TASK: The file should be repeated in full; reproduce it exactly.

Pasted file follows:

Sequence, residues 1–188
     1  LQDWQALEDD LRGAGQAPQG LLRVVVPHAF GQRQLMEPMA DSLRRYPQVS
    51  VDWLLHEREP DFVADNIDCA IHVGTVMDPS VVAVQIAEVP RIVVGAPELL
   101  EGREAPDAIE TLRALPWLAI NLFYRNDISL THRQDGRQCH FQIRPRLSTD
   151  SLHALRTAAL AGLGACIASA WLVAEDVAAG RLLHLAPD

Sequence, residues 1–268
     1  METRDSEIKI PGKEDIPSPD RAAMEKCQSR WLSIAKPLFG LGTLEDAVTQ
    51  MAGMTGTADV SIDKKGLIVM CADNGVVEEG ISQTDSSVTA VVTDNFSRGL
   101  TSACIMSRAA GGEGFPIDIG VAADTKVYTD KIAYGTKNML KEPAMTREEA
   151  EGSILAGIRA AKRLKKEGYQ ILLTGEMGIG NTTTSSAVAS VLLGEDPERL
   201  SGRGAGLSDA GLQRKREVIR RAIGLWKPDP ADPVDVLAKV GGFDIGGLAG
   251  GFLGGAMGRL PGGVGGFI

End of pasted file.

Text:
Sequence, residues 1–188
     1  LQDWQALEDD LRGAGQAPQG LLRVVVPHAF GQRQLMEPMA DSLRRYPQVS
    51  VDWLLHEREP DFVADNIDCA IHVGTVMDPS VVAVQIAEVP RIVVGAPELL
   101  EGREAPDAIE TLRALPWLAI NLFYRNDISL THRQDGRQCH FQIRPRLSTD
   151  SLHALRTAAL AGLGACIASA WLVAEDVAAG RLLHLAPD

Sequence, residues 1–268
     1  METRDSEIKI PGKEDIPSPD RAAMEKCQSR WLSIAKPLFG LGTLEDAVTQ
    51  MAGMTGTADV SIDKKGLIVM CADNGVVEEG ISQTDSSVTA VVTDNFSRGL
   101  TSACIMSRAA GGEGFPIDIG VAADTKVYTD KIAYGTKNML KEPAMTREEA
   151  EGSILAGIRA AKRLKKEGYQ ILLTGEMGIG NTTTSSAVAS VLLGEDPERL
   201  SGRGAGLSDA GLQRKREVIR RAIGLWKPDP ADPVDVLAKV GGFDIGGLAG
   251  GFLGGAMGRL PGGVGGFI